The Outside Circle (Book Review)

Reading Time: 4 minutes
Rating: 4/5
Rating: 4/5

For its second book of the year, the Lorenzo Reading Series has ventured in a slightly different direction with The Outside Circle. Focusing on the vicious cycle of gang violence and addiction plaguing inner-city Aboriginal communities across Canada, Patti LaBoucane-Benson and Kelly Mellings’ graphic novel tells an intensely moving story about getting in touch with one’s heritage that will move all who read it.

While most of the books in Lorenzo’s annual reading series are traditional novels, the stunning artwork featured in The Outside Circle along 

with its unique and powerful storytelling make this graphic novel a standout addition in this year’s lineup.

The Outside Circle tells the story of Pete, a young Aboriginal man who grew up in the inner-city and got wrapped up in gang violence and crime due to poverty. His story begins when a brawl with his mother’s violent, heroin-addicted boyfriend gets him thrown in prison on a manslaughter charge. Readers then accompany him on his journey toward self-betterment at the Stan Daniels Healing Center in Edmonton, where he participates in the In Search of Your Warrior program.

Here, he is encouraged to reflect upon his past and the past of his Aboriginal ancestors in order to decide what kind of a man that he wants to be in the future. By conferring with the elders who run the center, Pete gets reacquainted with his Aboriginal roots, reunites with family members that he never realized he had, and he learns what it means to be a part of ‘the outside circle’ – a term used by his ancestors to describe the warrior men of their tribe that protected the women, children and elders before European colonization wreaked irrevocable havoc upon them all.

(Photo courtesy of House of Anansi Press)

Through LaBoucane-Benson’s riveting storytelling and Mellings’ extraordinary artwork, readers glimpse the horrors of inner-city violence and poverty, drug abuse, and the destructive pattern of hatred and anger (sparked by the abuse endured in residential schools) that started it all.

After reading The Outside Circle, all history lessons on residential schools in Canada will feel grossly inaccurate. Unlike high school teachers, who feel the need to gloss over the despicable actions of the Europeans in order to support the propagandistic belief that Canada is (and always has been) “perfect”, LaBoucane-Benson doesn’t glaze over the issue. She describes the abuse inflicted upon the children forced into residential schools and its long-lasting psychological impact in vivid, ruthless detail, and Mellings paints the picture for audiences with equal vibrancy in each and every illustration. They ought to be applauded for their clear depiction. It takes a tremendous amount of courage to tell the truth and to portray a situation with blunt accuracy – and this is courage that most people today, living in our idealized country, lack.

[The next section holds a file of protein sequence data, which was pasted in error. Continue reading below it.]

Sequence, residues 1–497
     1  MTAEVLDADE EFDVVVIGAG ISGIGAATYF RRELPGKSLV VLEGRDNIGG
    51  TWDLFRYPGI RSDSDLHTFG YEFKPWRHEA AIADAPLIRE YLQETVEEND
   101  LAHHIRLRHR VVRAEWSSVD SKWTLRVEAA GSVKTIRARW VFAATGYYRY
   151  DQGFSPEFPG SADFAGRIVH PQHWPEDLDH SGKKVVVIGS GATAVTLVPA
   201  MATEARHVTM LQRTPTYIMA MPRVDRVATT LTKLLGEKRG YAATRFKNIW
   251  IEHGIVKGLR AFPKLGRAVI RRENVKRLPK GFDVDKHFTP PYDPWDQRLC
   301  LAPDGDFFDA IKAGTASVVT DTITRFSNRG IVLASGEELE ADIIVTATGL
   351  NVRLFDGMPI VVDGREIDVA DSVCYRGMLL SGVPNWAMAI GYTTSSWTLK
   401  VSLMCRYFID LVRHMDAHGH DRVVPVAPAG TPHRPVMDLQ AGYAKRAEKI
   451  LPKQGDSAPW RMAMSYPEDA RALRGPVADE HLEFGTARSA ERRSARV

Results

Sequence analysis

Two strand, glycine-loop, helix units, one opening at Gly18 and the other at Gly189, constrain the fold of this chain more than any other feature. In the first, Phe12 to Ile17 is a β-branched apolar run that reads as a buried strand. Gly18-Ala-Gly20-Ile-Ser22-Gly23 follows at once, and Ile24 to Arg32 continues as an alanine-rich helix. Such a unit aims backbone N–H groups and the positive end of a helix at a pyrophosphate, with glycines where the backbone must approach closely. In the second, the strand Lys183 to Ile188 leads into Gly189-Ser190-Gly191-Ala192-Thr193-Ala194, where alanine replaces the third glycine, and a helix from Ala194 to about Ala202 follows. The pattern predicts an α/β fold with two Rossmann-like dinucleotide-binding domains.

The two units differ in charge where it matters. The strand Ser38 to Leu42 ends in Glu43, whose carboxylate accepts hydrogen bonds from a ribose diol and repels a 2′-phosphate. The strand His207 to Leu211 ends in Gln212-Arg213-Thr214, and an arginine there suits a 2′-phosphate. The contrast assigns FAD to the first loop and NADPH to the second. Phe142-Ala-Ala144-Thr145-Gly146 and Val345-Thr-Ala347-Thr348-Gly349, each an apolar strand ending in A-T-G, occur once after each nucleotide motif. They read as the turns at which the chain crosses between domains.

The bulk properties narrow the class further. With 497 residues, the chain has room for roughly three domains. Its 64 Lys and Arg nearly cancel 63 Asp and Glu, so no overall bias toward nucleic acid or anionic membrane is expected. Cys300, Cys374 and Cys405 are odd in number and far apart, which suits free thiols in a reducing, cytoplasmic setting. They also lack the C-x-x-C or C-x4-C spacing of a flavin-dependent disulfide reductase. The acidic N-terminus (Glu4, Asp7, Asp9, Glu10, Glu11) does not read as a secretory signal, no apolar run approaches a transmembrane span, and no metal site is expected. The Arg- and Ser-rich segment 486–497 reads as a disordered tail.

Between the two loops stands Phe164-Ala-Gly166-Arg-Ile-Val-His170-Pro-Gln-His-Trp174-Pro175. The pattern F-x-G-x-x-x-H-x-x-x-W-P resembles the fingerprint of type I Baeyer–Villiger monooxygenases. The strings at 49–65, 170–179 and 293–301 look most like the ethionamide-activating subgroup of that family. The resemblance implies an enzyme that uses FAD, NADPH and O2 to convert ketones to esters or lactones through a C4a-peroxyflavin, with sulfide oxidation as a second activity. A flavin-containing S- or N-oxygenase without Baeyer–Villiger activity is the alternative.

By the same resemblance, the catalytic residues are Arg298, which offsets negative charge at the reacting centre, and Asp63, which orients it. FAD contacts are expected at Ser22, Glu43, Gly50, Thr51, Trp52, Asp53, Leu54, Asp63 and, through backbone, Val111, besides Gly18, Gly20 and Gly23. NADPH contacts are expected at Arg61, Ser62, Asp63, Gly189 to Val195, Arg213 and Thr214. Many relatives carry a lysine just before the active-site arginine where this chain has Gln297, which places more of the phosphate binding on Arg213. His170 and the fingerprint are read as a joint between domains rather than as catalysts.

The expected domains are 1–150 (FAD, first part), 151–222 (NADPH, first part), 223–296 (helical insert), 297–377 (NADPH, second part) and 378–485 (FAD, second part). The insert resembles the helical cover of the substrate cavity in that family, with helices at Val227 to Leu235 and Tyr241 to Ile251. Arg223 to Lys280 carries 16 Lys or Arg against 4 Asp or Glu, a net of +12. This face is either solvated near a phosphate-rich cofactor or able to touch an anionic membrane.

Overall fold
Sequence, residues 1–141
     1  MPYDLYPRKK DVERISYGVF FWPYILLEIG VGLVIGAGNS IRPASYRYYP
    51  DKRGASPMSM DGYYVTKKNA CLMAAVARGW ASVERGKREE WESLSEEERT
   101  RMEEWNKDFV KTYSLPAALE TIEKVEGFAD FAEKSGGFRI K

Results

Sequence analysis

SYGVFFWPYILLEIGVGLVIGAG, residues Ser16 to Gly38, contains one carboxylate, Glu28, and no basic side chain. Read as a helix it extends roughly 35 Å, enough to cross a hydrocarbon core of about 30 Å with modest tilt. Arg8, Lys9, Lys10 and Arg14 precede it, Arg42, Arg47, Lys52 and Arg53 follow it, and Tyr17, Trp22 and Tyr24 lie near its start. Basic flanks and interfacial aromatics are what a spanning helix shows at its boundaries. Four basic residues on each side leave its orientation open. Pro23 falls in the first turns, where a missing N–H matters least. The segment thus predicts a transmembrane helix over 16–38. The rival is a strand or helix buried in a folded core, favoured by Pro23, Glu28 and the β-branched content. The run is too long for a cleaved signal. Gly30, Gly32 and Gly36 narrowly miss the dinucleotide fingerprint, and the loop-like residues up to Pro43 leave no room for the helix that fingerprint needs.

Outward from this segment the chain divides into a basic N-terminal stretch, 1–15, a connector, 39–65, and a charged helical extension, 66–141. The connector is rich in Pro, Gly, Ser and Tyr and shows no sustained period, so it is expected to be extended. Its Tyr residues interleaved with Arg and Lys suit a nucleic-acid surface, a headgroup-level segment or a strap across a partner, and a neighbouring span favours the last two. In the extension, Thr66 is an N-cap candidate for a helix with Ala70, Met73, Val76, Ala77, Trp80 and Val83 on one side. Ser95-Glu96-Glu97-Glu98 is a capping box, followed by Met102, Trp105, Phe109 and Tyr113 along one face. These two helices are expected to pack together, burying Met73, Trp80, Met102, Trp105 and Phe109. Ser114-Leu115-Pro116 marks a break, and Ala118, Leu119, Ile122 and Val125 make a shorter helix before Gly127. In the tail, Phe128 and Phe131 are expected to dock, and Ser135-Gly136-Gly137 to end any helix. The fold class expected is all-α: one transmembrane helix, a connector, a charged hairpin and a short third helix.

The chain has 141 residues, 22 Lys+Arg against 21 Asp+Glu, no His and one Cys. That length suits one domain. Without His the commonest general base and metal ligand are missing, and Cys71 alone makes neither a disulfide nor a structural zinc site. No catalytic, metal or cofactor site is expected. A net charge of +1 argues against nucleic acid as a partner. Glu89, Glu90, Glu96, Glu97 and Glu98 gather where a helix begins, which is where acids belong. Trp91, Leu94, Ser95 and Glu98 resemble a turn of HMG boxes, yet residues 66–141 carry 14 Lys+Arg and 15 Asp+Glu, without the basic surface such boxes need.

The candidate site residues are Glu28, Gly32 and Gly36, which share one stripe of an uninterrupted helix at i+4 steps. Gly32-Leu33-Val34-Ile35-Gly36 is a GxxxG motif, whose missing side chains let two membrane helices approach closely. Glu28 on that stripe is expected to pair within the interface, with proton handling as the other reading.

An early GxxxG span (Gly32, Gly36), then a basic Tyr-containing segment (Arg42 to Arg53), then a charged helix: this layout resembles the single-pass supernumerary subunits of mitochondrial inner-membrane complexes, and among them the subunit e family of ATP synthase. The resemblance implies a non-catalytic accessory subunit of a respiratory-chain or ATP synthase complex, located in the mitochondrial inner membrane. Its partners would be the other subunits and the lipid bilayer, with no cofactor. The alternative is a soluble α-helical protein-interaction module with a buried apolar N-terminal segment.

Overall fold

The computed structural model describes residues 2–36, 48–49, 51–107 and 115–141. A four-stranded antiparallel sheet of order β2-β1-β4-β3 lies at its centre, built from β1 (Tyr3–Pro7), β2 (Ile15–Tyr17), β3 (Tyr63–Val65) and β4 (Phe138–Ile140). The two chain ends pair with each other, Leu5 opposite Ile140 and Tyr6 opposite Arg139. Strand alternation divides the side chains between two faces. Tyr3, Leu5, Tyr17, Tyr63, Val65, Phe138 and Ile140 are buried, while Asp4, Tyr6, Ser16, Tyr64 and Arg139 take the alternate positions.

Photo: After receiving a tattoo from his gang leader, Pete’s blood contains a list of past acts of violence and cruelty committed against Aboriginal peoples that symbolically represents why the future generations end up in positions of violence, abuse and poverty. Artwork by Kelly Mellings.

Because Mellings’ artwork plays such a crucial role in telling Pete’s story, it is important that readers don’t skip The Outside Circle when exploring this year’s Lorenzo reading list just because it is a graphic novel. The genre has unfairly been stigmatized as a “lesser” form of literature and it is a stigma that readers ought to leave in the past. There is valuable symbolic imagery behind many of Mellings’ illustrations and, were this not a graphic novel, the opportunity to make such powerful statements would be impossible. With just one illustration, Mellings can effectively portray the issues tackled in the book in a way that plain text never could.

The power of The Outside Circle, accomplished through LaBoucane-Benson’s story and Mellings’ illustrations, showcases what an outstanding team that they are and why readers should give the graphic novel medium a fair chance.

Ultimately, LaBoucane-Benson and Mellings argue with their narrative that we are all more than our circumstances influence us to be; we must choose our own paths in life, even if taking the positive road isn’t always simple. The journey that Pete takes, the struggles that he endures, and his dedication to becoming a better man is one that will have all readers rooting for him to the very end, and will leave them with a great deal to think about once they finish the novel – about our heritage, our attitudes, and the type of people that we choose to be.

While our circumstances may not always be ideal, one line in particular from The Outside Circle should resonate with everyone: “Every day gets a bit easier.”

Author Patti LaBoucane-Benson will be reading from The Outside Circle on September 26th at UNBSJ in the Ganong Hall Lecture Theatre, and illustrator Kelly Mellings will give a presentation. The event will begin at 7:00pm and will be followed by a Q&A session and light refreshments. All interested parties are welcome to attend at no cost, as all Lorenzo Reading Series events are free.

For those unable to attend, a recap of the event will be provided by the Baron at a later date.

All of the books featured in the Lorenzo Reading Series are available for purchase at the campus bookstore and to borrow at the Hans Klohn Commons.

Additional information on the In Search of Your Warrior program featured in The Outside Circle can be found here.

Emily is in her third-year of Political Science. She loves studying and academics which follows into her research work. She's an avid plant mom and a stern black coffee drinker. When she's not working or doing school work, you can find her listening to 70s music on vinyl and watching Parks and Recreation.